• Hair dyes: The University of Southern California studied 897 bladder cancer patients and findings suggest a link between hair dye use and bladder cancer. There is not universal agreement on hair dye as a trigger for bladder cancer. It may be wise, should you have a family history or already have cancer, to minimize risks by using chemical free hair dyes. Avoid using hair dyes that contain any of the following ingredients: ammonia, peroxide (bleaching agent), PPDs (para-phenylenediamines - also used in tattoos), lead, coal tar, toluene and resorcinol.
  • Chemicals: Occupational exposure to aromatic amines as well as exposure to dyes, paints, fungicides, cigarette smoke, plastics, metals and motor vehicle exhaust.
  • Testing: Procedures used to diagnose bladder or kidney problems such as 'Intravenous Pyelogram Tests' that examine the urinary system by injecting a dye into a vein have a risk/benefit ratio. Dye is removed from the bloodstream by the kidney as part of urine production. By taking x-ray pictures while the kidneys are excreting the dye, the urologist can see any abnormalities in the outline of the urinary system.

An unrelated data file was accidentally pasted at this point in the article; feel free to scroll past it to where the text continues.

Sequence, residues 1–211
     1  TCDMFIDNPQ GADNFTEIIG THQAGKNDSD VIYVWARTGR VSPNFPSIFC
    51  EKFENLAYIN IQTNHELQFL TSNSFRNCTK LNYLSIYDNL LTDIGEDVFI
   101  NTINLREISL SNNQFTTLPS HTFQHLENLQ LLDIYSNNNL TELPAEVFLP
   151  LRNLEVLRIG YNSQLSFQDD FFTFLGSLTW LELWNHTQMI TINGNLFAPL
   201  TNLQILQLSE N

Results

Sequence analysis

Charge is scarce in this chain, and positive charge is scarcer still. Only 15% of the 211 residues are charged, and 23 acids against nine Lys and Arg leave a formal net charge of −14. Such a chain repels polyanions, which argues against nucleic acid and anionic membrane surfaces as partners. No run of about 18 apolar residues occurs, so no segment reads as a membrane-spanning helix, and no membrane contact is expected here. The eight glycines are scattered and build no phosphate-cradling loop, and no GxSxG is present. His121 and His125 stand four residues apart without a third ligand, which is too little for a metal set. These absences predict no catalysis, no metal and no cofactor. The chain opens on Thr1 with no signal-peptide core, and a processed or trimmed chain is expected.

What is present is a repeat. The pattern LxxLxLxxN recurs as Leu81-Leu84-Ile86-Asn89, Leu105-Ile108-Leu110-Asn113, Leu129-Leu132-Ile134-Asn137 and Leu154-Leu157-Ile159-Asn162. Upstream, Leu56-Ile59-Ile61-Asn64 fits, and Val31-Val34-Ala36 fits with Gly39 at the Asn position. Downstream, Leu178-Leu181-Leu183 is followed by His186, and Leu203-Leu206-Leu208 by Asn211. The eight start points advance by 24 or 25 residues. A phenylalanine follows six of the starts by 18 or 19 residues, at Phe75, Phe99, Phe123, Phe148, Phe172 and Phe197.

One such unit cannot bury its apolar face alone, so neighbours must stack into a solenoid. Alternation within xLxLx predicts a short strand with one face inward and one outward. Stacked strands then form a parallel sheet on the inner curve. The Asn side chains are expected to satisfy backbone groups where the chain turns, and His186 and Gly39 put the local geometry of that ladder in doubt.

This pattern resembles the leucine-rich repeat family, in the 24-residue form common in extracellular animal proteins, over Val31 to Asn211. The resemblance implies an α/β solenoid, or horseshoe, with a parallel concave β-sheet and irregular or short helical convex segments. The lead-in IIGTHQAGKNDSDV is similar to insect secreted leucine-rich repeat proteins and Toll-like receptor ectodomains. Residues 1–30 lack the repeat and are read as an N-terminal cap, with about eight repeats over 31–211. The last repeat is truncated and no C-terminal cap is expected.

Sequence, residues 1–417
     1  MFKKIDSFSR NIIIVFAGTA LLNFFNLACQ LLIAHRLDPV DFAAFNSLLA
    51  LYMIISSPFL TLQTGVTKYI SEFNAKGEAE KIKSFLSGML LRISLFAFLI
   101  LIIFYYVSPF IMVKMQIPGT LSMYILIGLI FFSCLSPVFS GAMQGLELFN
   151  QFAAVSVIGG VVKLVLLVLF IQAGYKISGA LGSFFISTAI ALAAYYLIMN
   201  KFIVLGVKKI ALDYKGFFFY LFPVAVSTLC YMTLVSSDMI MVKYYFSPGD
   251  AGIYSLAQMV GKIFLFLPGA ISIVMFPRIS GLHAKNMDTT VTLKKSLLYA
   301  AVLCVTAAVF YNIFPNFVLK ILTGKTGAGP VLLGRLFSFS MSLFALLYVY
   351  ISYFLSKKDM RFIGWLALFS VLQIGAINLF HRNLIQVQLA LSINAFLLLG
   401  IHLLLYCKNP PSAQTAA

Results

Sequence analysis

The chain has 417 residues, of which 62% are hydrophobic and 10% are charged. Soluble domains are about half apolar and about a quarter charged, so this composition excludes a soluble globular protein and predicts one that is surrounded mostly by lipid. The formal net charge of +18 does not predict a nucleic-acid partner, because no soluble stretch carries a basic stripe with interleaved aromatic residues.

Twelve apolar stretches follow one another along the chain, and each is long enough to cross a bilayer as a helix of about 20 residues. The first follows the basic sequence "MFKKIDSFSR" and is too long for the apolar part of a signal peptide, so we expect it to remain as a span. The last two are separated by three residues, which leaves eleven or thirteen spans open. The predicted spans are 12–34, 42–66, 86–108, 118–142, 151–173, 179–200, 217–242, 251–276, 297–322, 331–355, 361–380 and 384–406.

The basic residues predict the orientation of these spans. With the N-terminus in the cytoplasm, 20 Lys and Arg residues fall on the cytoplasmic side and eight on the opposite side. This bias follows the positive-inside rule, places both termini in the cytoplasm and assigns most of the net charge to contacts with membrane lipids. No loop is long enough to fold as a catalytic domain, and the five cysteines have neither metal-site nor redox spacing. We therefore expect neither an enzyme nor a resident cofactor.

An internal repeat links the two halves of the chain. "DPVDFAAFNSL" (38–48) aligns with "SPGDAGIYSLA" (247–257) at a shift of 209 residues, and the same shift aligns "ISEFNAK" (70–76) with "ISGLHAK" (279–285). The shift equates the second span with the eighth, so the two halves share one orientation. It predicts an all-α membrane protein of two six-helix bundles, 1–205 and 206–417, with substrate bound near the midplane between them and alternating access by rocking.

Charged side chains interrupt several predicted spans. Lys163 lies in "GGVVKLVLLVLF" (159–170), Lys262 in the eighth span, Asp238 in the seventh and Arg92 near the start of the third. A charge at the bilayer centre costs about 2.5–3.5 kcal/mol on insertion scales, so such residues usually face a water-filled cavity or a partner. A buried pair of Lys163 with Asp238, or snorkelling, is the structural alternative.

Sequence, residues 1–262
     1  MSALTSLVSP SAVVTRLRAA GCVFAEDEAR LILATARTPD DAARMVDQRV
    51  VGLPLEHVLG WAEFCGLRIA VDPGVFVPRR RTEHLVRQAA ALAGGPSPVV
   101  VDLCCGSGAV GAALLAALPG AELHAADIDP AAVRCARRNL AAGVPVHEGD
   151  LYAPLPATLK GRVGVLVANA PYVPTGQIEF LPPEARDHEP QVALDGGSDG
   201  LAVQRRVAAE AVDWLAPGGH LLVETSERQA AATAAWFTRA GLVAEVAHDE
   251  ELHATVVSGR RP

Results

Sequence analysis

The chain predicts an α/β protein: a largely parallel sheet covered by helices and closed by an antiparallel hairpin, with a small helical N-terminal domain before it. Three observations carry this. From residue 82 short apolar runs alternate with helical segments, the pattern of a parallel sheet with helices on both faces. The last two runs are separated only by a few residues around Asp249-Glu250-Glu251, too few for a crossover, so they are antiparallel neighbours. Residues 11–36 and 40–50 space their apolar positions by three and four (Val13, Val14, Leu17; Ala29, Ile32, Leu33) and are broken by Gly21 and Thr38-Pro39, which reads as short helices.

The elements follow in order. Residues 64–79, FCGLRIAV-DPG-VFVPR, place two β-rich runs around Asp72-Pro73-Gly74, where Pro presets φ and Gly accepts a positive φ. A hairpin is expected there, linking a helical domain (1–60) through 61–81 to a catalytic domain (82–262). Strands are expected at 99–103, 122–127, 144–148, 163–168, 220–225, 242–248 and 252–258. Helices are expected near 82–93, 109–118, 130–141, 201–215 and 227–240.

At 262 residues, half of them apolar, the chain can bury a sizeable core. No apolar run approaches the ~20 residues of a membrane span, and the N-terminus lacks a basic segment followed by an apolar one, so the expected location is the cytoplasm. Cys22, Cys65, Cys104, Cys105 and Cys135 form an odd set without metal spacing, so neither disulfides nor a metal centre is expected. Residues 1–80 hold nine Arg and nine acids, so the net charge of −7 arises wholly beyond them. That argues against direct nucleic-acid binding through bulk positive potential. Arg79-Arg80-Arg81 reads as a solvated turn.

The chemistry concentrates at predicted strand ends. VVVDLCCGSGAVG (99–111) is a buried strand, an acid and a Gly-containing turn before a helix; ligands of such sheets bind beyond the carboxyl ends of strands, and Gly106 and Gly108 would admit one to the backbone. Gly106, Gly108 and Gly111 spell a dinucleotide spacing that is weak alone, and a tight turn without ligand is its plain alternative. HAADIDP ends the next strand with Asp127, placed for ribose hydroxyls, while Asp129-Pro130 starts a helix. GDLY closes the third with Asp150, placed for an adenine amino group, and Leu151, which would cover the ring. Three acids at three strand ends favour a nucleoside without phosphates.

• Previous radiotherapy or chemotherapy slightly increases risk.

Bladder infections and Cancer - are there any links?

Schistosomiasis

Schistosomiasis is a condition affecting the bladder, caused by infection with a water bourne parasite commonly found in Egypt. Chronic inflammation of the bladder resulting from multiple Schistosoma infections can lead to more rapid cell reproduction. Repeated inflammation of the bladder can lead to a rarer form of Bladder Cancer known as Squamous Cell Carcinoma (SCC) which makes up around 8% of Bladder Cancer cases.